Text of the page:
When you’re setting up and structuring an inbound call center, it’s no longer enough to plug in the phones and wait for the customer calls to come in. These days, customers expect to have options when it comes to getting in touch with a company, such as the ability to reach out via email, online chat or social media in addition to over the phone. And while you may be quick to assume that the more touchpoints you offer the better, that’s not always the case. Instead of simply offering more touchpoints for customers, you should be focused on offering the right ones.

The first thing to consider when determining which touchpoints to offer to customers is the type of inquiries your call center is fielding, since not every possible inquiry can be adequately serviced from every touchpoint. For example, if customers are calling with timely requests that they are hoping will be resolved over the course of a call, they wouldn’t want to submit that request via email and then wait for a response. Likewise, if they are looking for help with product set-up or troubleshooting and need to have a conversation with someone to figure things out, it may be difficult to have that sort of conversation via online chat. So before deciding how many touchpoints to offer you should think about which ones will help resolve your customers’ most frequent inquiries in the most efficient and successful way.

Next, consider the volume of communications that your team will be fielding and the average amount of time and work required to resolve those types of inquiries. If volume is low or if volume is high but most inquiries are resolved quickly, you may only need one touchpoint to keep up with what’s coming in. But if volume is high and most customers are reaching out with questions that take time to resolve, you may consider adding more touchpoints in order to keep pace and not leave customers waiting to get in contact with someone for too long (which only stokes frustration and lowers your chances of successfully resolving the inquiry).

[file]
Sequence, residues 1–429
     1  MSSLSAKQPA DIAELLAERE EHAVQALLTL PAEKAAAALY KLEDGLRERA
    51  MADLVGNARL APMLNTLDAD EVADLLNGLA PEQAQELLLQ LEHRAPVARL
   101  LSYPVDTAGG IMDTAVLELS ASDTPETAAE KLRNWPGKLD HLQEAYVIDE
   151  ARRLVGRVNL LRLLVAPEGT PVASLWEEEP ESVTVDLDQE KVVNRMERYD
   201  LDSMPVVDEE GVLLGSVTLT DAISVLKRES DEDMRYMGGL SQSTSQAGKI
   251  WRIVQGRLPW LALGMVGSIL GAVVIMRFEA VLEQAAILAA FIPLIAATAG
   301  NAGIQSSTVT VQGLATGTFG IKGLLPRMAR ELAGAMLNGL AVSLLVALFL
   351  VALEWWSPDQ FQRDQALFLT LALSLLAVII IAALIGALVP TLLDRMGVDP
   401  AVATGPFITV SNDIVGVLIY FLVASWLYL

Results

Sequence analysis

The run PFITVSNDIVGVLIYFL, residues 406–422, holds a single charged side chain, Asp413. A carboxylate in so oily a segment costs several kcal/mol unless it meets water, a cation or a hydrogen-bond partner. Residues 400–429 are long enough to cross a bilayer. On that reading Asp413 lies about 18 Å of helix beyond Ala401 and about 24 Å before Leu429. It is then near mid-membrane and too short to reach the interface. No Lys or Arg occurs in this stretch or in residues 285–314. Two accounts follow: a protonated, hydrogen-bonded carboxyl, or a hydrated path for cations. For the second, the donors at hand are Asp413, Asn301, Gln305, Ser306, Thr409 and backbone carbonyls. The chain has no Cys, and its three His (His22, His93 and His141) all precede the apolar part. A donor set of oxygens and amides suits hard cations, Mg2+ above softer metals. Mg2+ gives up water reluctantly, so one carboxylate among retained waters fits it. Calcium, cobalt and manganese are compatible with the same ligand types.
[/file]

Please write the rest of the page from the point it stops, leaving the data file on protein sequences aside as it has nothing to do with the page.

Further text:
Once you’ve made these determinations, the final step is making sure that a customer is going to be able to resolve their problem regardless of the touchpoint they choose to use. The last thing you want is a customer who decides to use an online chat function only to discover after a 20-minute conversation that they will need to call your call center in order to solve their problem. That’s time wasted for both the customer and the agent chatting with them. If a touchpoint is not capable of resolving any and every inquiry it might receive, you shouldn’t offer it.

The bottom line: Omnichannel is nice and may seem convenient, but it is only really more helpful for customers if you take the time to ensure that it’s truly what’s best for the customer. Bigger is not always better, and that definitely applies to contact center touchpoints. This is one of the reasons that CallShaper has decided to focus its offerings around the call center and its capabilities when it comes to inbound communications. To learn more, contact us today